Previous SectionIndexHome Page

David Burnside: I wish to support the amendments. This issue goes far wider than pragmatism and extending the deadline for a while because the legal requirement is that the terrorists must be allowed to decommission. That was the basis of the Good Friday agreement—to move the terrorists to democracy and, one hopes, some time in the future, even to this place.

I am totally disillusioned with this process and give the Government no credibility whatever because the word "deadline" should be banned from Northern Ireland political vocabulary.

Jane Kennedy indicated assent.

David Burnside: The Minister nods, but she nods for the wrong reason. The word should be banned because it is a joke in Northern Ireland political vocabulary. Politics should be about defeating the opposition. We must think about what is in the minds of Martin McGuinness, Gerry Adams, Gerry Kelly and the rest of the Army Council of the Provisional IRA. What do they want? What message do they want from this House today? I shall tell hon. Members what they want: they want the same message that they have received ever since the Good Friday agreement was signed—appeasement, appeasement, appeasement, and list after list of further concessions to republicans. That is what they have got and what they will get. Some concessions we know about and some we do not; some were made in Weston Park and some, perhaps, were not. What else is there?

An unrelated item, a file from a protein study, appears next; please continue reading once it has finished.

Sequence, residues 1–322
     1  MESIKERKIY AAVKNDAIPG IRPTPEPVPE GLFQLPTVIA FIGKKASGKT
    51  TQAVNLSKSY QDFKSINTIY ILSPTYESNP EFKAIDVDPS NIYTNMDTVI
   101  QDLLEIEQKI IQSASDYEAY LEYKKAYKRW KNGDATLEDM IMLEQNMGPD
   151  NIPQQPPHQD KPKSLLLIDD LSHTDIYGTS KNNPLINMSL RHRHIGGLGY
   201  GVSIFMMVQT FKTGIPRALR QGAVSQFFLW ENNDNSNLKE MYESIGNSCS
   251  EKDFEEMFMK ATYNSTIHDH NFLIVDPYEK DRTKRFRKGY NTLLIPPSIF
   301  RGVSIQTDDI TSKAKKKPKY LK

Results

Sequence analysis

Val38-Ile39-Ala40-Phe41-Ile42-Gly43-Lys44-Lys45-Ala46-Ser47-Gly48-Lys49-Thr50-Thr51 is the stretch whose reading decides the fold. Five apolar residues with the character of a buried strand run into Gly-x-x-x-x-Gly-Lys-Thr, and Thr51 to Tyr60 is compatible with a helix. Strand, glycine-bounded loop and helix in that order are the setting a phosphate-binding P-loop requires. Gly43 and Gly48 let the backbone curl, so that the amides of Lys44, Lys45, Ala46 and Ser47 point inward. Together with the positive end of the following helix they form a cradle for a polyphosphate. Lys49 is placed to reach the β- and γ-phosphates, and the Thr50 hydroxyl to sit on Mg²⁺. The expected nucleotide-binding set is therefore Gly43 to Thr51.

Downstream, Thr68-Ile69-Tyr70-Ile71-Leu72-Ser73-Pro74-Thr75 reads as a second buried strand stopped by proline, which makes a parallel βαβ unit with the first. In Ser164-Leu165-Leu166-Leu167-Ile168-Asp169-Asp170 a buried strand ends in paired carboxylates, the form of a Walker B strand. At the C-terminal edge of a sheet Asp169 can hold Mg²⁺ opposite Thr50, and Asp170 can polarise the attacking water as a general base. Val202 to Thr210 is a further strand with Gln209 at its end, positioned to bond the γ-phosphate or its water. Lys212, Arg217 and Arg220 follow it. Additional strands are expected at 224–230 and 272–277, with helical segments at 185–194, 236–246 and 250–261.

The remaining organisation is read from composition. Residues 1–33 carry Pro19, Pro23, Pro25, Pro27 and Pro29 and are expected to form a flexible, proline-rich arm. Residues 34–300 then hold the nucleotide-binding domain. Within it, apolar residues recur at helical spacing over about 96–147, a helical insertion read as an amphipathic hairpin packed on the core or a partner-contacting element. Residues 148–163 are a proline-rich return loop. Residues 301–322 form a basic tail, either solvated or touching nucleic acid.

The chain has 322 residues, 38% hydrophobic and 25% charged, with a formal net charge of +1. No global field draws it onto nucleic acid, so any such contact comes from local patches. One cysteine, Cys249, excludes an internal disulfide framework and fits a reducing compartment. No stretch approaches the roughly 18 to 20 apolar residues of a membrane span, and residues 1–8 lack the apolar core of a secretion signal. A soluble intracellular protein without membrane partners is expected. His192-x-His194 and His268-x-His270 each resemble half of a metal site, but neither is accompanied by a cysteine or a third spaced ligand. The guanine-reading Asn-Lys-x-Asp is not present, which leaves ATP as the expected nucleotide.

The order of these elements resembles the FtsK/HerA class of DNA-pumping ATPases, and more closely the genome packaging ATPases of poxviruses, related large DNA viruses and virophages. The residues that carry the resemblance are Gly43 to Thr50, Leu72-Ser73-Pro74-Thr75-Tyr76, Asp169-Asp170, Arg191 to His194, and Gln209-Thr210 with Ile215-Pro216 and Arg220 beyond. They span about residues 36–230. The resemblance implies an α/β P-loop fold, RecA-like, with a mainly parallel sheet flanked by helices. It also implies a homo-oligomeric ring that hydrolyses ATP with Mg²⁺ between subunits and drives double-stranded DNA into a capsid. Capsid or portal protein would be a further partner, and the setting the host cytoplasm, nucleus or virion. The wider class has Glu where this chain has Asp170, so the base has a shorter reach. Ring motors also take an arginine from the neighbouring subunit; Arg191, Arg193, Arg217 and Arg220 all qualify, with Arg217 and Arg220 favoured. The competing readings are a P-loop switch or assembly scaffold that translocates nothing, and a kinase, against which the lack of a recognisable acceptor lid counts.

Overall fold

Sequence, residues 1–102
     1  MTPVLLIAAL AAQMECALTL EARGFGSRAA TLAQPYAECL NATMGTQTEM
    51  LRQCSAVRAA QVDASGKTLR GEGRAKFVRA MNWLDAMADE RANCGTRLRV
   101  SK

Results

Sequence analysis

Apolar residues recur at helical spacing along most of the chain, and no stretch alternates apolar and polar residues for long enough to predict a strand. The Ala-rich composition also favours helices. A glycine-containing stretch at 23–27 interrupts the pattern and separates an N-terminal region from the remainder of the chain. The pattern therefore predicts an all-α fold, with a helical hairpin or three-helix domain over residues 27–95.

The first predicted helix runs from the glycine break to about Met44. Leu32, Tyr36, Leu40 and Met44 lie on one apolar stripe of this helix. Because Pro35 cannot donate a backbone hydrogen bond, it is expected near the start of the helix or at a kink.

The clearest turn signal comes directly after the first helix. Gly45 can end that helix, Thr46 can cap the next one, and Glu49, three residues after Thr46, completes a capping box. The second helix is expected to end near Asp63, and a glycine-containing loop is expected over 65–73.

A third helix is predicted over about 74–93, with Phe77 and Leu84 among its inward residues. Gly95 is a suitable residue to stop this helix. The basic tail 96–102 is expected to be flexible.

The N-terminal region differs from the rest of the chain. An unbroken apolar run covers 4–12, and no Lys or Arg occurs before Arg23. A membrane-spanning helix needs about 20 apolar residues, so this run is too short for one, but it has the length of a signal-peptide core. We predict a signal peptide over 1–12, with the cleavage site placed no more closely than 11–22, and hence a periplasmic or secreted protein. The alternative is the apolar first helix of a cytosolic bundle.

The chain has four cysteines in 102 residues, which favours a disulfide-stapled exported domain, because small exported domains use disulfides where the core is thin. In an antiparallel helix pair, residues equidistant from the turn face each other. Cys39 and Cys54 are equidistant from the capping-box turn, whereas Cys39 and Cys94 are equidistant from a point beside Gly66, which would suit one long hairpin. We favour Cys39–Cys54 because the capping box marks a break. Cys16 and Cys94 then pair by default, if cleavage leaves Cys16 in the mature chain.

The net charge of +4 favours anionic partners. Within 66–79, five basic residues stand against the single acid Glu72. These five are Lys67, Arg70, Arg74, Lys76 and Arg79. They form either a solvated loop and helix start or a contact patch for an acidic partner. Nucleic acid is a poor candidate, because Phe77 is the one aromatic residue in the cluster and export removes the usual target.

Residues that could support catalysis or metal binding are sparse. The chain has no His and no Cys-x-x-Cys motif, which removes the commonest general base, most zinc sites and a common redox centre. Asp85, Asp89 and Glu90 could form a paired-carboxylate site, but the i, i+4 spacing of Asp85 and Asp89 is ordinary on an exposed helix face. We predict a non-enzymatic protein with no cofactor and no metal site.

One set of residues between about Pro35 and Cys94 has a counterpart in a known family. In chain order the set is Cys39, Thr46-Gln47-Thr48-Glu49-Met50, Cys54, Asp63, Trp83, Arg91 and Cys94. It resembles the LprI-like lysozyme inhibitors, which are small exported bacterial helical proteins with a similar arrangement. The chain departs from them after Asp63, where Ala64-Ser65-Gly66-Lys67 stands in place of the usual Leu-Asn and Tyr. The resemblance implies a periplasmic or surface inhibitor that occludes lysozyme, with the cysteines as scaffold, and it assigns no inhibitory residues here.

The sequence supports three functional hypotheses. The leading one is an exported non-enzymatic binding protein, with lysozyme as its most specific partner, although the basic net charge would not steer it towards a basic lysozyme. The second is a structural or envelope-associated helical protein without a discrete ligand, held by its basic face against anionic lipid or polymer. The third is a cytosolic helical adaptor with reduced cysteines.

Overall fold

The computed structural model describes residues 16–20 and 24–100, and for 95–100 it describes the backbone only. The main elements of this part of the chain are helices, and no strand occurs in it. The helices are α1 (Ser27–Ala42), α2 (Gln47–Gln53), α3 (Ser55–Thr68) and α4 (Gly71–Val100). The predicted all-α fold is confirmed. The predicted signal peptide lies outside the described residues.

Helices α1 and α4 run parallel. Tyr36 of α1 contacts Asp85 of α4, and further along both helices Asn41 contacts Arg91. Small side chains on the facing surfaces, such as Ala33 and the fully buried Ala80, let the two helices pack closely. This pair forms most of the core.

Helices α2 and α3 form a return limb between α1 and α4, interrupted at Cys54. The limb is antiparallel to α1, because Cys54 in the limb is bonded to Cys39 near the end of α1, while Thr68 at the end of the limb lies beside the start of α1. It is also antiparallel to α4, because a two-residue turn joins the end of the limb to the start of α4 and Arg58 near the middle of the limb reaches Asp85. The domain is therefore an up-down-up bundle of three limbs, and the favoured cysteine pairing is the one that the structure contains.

The deadline is an important matter of principle and pragmatism. The two are wrapped up together. The reason why people like me, who supported the agreement within the Ulster Unionist party, are so disillusioned with that agreement and its implementation is that the deadlines mean nothing. As I said in an earlier intervention, the May deadline meant nothing; the Provos could get away with it. The loyalist paramilitaries are all up at Stormont and the electoral system was bent in the Assembly to allow more people to get elected—there are so many at Stormont that I do not even know how many there are.

Her Majesty's Government are bending the system, appeasing the terrorists—the men of violence, the gunmen and bombers who hold on to their arms and ammunition—and not putting deadlines on them. What sort of signal is coming from this House?

I do not really want to support the Opposition's amendment of a one-year deadline, because the deadline should have been May 2000 and sanctions should have

9 Jan 2002 : Column 568

been brought against those who were not adhering to the agreement. The Prime Minister promised my right hon. Friend the Member for Upper Bann (Mr. Trimble) that the terrorists would be excluded from government until they had totally decommissioned and we had reached the end of the process. Instead, we have had a token symbol to keep the United States on side or to get over the home goal of FARC in Colombia.

The Unionist people have been seriously let down. The Government had better think about symbols and the message that they are sending from this House. The Secretary of State should realise very soon that, because of the use of deadlines, the abuse of the English language and the fact that deadlines have not been adhered to, the Unionists—I was among the 50-plus per cent. who voted for the agreement—are disillusioned. It is one-side terrorism.

5 pm

Mr. Roy Beggs (East Antrim): Will my hon. Friend concede that while we have no reason to have any confidence in the deadlines set by the Government, who have been seen to roll over at every hurdle and make further concessions, we have good reason to have confidence in any deadlines set by the leader of the Ulster Unionist party?